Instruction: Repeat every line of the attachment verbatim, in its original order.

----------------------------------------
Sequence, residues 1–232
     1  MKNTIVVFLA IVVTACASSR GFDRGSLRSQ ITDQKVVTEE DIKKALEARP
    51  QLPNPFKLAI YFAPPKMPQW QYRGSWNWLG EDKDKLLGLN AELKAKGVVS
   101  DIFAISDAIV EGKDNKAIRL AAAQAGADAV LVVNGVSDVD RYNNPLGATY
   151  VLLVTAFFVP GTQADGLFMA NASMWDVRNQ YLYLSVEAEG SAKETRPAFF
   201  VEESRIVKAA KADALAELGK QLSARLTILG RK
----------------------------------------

Sequence, residues 1–232
     1  MKNTIVVFLA IVVTACASSR GFDRGSLRSQ ITDQKVVTEE DIKKALEARP
    51  QLPNPFKLAI YFAPPKMPQW QYRGSWNWLG EDKDKLLGLN AELKAKGVVS
   101  DIFAISDAIV EGKDNKAIRL AAAQAGADAV LVVNGVSDVD RYNNPLGATY
   151  VLLVTAFFVP GTQADGLFMA NASMWDVRNQ YLYLSVEAEG SAKETRPAFF
   201  VEESRIVKAA KADALAELGK QLSARLTILG RK